Bill Clinton was quoted Friday as saying that Hillary was a "genius," at least a genius at solving other people's problems. It's too bad she couldn't solve his problem. It would have saved them a lot of troubles -- and the country a great and ugly rupture.
Genius she is not. But even a genius could not run as her authentic steely self, which maybe she can't help but doing, and also as a warm and caring soul. Long ago, when she was still pal with Marian Wright Edelman of the Children's Defense League and not Denise Rich of the fortune which no one cares (or dares) to tell its origins, even her pitch for poor kids sounded mechanical and false, like the salesmen who pander bargain mortgages.Now that she has been out on the hustings for more than a year almost everyone has experienced each of her faces. And just in case they may like one they don't like the other. A sound reason for this is that with each she comes across as righteous. A female Savanarola, maybe.It has all caught up with her. A savvy story by Christopher Cooper in Saturday's Wall Street Journal, "Obama, Edwards Go Long," tells you it's time for bettors to go short on Hillary.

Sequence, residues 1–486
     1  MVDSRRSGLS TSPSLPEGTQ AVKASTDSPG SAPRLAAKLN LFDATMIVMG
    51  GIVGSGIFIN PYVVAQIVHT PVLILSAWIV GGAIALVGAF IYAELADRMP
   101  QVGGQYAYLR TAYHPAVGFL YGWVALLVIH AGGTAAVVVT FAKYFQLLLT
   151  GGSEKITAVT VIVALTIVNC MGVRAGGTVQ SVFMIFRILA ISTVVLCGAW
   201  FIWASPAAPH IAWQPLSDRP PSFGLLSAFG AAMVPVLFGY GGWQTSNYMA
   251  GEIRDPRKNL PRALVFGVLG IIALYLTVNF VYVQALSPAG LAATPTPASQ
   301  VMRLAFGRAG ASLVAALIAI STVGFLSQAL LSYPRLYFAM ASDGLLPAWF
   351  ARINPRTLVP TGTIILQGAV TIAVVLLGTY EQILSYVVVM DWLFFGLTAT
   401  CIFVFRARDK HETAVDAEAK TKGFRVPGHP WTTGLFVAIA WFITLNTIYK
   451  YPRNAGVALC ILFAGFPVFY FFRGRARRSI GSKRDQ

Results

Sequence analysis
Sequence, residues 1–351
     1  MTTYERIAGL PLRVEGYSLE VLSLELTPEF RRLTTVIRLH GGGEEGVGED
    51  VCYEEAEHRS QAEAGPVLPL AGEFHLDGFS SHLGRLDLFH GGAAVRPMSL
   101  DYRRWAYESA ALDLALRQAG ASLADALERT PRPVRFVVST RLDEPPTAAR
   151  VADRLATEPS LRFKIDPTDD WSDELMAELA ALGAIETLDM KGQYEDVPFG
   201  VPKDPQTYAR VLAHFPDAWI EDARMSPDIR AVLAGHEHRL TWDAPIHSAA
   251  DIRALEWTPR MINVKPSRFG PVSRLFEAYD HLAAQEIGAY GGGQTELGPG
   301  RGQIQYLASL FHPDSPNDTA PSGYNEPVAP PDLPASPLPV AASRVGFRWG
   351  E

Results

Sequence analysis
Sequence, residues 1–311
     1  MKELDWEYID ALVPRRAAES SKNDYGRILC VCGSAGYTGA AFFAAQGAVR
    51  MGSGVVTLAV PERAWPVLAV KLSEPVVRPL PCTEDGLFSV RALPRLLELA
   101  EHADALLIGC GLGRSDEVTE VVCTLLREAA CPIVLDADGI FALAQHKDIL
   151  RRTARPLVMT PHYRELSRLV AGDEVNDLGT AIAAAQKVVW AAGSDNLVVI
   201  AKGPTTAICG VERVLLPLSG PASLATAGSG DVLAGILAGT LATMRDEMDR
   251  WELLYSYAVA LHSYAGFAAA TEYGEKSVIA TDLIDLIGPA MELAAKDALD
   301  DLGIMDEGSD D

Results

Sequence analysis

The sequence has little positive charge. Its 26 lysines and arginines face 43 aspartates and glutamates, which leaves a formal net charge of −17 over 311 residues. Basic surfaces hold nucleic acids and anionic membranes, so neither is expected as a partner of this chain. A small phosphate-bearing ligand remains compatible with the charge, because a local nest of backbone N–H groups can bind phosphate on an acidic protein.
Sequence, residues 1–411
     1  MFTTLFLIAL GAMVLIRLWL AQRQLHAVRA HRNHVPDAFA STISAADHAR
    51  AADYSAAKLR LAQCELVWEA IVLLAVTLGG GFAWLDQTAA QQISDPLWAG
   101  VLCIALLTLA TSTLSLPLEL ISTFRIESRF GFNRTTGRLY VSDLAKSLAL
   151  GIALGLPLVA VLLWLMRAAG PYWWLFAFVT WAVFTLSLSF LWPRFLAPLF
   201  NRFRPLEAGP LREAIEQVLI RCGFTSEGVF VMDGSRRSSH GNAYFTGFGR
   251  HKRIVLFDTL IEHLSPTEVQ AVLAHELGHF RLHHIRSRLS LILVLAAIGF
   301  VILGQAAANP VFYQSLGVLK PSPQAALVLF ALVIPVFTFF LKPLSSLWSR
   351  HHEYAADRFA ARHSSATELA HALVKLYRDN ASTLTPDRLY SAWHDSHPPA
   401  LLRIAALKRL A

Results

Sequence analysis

If she looses Iowa (oh, what that augurs for New Hampshire!) she will say it's not a representative state, as New Hampshire is. (Will the parties ever come to their senses and not tether the presidency to the outcomes of the primaries in these two tiny and boringly idiosyncratic states?)The fact is that the one early state that still augurs well for Mrs.Clinton is Nevada where a tiny caucus arrangement in a tiny state is owned by service unions whose members in other states, as Cooper pointed out, "tend to favor Mr. Edwards and Mr. Obama."And forgive me for harping on the exclusion of the Florida and Michigan delegations from the Democratic National Convention because these two populous and representative states wanted to be in the history-making narrative and not post-scripts which would be what Iowa and New Hampshire ought to be.